A div with an id of tickerspace is divided into three spans. The first contains the text "LATEST:". The second with an id of textlink is currently empty but will be filled with the links through the Javascript code. The last contains the images for the icons, each of which triggers an event when clicked. The source of the first icon is yet undefined but will be defined by the code.

To obtain the four icons for the controls, I cheated. I took a screenshot of the BBC New website (with ALT + Printscreen) and pasted this into Paint Shop Pro. This was then cropped to give the icons at 15 x 15px. A further screenshot when the ticker was paused gave the "go" icon. These images were stored in a folder "images"

Styling the display

The CSS is shown below.

<style type = "text/css">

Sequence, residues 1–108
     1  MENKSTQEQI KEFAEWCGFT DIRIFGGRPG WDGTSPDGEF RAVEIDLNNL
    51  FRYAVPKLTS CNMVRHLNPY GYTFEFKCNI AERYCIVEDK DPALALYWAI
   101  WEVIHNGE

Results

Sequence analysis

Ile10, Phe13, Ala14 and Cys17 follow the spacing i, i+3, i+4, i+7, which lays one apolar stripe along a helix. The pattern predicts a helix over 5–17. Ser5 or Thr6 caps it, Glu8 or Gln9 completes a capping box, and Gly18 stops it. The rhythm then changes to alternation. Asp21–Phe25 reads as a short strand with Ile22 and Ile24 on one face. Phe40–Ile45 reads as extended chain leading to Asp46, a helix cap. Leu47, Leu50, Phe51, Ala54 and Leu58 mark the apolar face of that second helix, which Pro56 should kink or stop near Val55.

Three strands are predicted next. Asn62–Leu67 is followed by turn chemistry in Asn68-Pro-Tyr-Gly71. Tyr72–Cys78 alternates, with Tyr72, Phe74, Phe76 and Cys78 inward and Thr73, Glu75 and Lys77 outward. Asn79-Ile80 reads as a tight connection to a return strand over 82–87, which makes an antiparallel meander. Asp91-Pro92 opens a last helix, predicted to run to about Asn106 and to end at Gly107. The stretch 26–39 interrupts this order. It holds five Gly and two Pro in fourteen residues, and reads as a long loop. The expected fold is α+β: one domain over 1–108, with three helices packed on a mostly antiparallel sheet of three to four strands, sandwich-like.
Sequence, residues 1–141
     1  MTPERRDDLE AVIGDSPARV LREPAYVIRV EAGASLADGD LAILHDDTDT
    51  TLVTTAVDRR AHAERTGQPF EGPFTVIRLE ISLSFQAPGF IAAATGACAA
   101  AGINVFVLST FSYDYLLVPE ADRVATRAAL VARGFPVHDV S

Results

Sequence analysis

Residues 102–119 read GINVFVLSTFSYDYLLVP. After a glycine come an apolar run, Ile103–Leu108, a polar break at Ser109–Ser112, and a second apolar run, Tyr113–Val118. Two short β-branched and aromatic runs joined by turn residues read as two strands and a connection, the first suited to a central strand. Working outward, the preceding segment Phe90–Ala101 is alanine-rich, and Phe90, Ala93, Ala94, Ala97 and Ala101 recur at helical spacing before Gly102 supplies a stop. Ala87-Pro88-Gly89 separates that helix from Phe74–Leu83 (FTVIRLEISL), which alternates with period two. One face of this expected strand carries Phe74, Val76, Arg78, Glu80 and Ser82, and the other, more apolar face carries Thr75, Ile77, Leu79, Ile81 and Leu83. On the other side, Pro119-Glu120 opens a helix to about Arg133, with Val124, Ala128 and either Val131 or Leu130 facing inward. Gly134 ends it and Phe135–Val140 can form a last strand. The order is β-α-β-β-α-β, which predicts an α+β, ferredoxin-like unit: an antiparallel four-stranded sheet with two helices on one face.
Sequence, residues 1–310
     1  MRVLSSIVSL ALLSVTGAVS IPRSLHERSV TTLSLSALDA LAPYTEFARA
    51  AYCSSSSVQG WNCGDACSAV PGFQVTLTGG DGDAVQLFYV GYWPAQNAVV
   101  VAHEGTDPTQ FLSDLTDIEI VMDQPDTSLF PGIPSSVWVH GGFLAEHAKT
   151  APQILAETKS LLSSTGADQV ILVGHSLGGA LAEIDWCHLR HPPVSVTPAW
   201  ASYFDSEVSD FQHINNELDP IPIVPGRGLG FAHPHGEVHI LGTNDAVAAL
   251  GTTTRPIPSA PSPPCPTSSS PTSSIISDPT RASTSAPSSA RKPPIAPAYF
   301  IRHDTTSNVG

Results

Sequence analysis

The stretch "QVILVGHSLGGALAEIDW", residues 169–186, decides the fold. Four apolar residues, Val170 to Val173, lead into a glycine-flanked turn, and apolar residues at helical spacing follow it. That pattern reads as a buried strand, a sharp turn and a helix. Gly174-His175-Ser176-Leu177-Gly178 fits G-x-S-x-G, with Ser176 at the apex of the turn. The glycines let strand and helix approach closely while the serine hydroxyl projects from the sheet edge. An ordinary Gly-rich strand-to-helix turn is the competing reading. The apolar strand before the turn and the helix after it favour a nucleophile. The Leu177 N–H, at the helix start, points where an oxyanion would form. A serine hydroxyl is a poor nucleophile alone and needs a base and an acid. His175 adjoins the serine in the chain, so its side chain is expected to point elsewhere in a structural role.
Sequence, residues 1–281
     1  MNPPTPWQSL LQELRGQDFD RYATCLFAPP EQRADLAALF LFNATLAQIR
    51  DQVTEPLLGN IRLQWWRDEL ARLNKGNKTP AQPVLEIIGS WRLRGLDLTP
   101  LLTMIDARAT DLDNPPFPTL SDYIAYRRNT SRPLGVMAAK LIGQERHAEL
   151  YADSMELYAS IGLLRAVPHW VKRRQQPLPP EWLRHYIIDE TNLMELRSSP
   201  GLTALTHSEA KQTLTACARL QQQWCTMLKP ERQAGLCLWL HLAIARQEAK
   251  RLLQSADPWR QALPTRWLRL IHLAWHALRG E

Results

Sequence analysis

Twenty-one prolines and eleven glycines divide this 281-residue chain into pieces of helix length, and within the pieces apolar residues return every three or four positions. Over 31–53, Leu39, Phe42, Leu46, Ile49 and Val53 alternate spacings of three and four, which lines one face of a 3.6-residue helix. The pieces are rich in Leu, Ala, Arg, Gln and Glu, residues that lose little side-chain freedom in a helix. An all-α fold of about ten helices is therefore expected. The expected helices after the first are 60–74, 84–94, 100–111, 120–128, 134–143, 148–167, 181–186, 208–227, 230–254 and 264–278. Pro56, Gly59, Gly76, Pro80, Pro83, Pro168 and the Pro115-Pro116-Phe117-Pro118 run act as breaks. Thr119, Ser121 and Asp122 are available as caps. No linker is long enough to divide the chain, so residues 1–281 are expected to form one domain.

#tickerspace
{
font-family: verdana,arial,helvetica,sans-serif;
font-size: 10pt;
}

#textlink {
display:inline-block;
width:500px;
height:15px;}

#textlink img {
vertical-align:middle;
}

#textlink a{ text-decoration:none;color:black;}
#textlink a:hover{text-decoration:underline;color:black;}
</style>

The central span, textlink, needs to be defined as display:inline-block in order to keep it inline and to define it as a block so it can be given a fixed width. The central links have no text-decoration normally but become underlined when the mouse hovers over them.

The arrays of links

We construct two arrays in Javascript. The first contains the text for the links and the second the relative URLs of the links. Note that the items in the array are between inverted commas and that they are separated by commas. There should be no comma after the last entry.

 
Within the <head> section of the page:

<script language="Javascript" type="text/javascript">
<!--
      textlist=new Array
      ( 	 
	"Redesigned BBC News website goes live in July 2010", 
	"The news 'ticker' no longer ticks",
	"Sky News keeps a proper ticker",
	"The Scotsman also has a proper news ticker",
	"Amateur programmer frustrated as his original article is now obsolescent",
	"He writes new article emulating current 'ticker'"
      );
	  linkslist=new Array
      ( 
	"http://www.bbc.co.uk/news/",